Computational biology: Natural history v. explanatory models

By Grant Jacobs 26/11/2009

Models, not just stamp collecting and managing datasets.

It feels good close to the 150th anniversary of the publishing of On the origin of species to note a thread running in some posts that reflects something close to my heart.

A key thing about Darwin’s work and other major achievements in science are that they present models of how something worked, frameworks in which observations could be placed.

I’ve nothing against observations, they’re vital, but there is a stage where you collect them without building something to hang them on, as it were.

I sometimes think that science on the grand scale proceeds in a repeated cycle of a mania of collecting until enough has been gathered that someone with a “model” view on the world sees patterns within the collections and suggests a framework for them.

Darwin’s work did both, of course, and the two parts of Browne’s biography can be see as marking out the two: the first volume the collecting and the second presenting the framework.

Statisticians would express this notion differently I suspect and would probably say that the data needs to reach a quantity such that hypotheses can be tested with significance. (Don’t you just love the dryness of it?) Others, from endeavours that do not quantitate in this manner, might talk of ‘exposing the underlying mechanism’.

I worry that experimental researchers don’t see the “model building” aspect of my field, bioinformatics. In fact it’s a reason I prefer a different title for myself: computational biologist.

Recently I wrote a short submission to a Genomics, medicine and law meeting. In it I included a brief description of computational biology:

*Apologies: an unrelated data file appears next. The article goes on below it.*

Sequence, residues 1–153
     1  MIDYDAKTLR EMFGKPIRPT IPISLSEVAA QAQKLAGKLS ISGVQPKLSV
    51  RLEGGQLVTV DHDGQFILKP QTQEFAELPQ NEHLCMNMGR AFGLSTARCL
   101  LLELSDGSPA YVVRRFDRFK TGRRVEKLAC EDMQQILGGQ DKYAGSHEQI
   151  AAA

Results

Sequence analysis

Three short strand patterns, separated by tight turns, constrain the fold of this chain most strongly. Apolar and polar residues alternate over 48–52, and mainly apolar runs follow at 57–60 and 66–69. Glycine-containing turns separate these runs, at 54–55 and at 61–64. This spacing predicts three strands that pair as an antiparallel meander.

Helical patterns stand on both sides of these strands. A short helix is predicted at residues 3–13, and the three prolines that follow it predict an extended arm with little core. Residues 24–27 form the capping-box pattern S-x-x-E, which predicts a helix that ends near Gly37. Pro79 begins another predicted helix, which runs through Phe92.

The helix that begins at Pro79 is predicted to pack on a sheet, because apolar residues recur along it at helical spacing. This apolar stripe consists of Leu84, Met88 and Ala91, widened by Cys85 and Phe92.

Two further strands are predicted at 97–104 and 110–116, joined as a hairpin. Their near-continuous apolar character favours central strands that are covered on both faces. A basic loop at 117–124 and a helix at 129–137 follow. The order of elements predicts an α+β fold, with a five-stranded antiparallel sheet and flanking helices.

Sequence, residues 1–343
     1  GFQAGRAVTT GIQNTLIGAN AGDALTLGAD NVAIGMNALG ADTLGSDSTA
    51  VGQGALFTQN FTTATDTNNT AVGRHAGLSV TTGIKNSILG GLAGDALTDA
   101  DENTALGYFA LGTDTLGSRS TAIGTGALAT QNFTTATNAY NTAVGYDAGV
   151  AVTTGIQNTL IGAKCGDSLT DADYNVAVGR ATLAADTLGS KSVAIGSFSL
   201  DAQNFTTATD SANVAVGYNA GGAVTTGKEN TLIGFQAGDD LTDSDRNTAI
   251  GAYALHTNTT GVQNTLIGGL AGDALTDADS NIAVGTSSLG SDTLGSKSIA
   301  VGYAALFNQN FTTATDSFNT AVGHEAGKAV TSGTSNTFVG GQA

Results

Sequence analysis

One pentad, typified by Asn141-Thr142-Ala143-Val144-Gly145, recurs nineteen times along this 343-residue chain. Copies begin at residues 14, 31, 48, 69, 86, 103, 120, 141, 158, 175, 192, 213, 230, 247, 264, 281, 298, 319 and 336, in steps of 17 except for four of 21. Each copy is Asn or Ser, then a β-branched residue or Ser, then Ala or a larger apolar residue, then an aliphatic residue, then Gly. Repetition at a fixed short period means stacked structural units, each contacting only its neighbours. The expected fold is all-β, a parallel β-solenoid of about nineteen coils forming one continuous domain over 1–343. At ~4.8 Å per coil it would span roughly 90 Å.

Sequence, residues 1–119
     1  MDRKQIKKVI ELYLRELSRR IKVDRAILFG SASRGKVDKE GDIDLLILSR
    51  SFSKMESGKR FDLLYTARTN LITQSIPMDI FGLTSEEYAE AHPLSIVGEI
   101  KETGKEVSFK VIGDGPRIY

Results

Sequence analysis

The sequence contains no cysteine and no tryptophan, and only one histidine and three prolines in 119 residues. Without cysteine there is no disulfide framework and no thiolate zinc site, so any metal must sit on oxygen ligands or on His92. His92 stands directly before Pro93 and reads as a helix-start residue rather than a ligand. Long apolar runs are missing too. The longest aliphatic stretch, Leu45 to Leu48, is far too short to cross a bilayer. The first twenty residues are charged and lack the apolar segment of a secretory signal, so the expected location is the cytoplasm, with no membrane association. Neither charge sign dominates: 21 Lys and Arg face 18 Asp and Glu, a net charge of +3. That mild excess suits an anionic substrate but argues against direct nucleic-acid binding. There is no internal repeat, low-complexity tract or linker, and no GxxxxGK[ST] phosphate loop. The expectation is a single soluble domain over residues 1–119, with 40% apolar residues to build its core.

Computational biology is the application of theoretical biology using computers and algorithms, statistics, physics–whatever will explain the system at hand–to biological systems. It’s centred on understanding the mechanisms in life. You can think of it as the ’model’ counterpart to data collecting.

Creating computational tools is part of the work, but the focus in on understanding the biological system rather than creating infrastructure per se (which is more associated with bio-IT). Basically, we do what experimental biologists do, but with different tools.

Others will define it differently, but that’s OK.

In the eager rush of the Human Genome Project (HGP), the quiet, almost isolated, little field of bioinformatics was seized upon as the solution to their data management problems. The trouble with this is that it views the field as a sort of service division.

To be fair, there are at least two major activities that go past “mere” data management in the application of bioinformatics in the early HGP: genome assembly and annotation. Both, however, are very much viewed as services.

I’m not saying services are wrong, they are needed and certainly have their place. I’m just saying that they’re not all there is, that bioinformatics shouldn’t be treated as only being about services.

That’s the impression that I guess biologists get when all they see of bioinformatics is the software tools they use and the services (larger) commercial companies offer. They probably don’t see the model-building work because for the most part it’s buried in journals that they don’t read.

This might be an unfair criticism of my colleagues–it probably is–but I’d like to hold onto it, as it illustrates a point that’s important to me.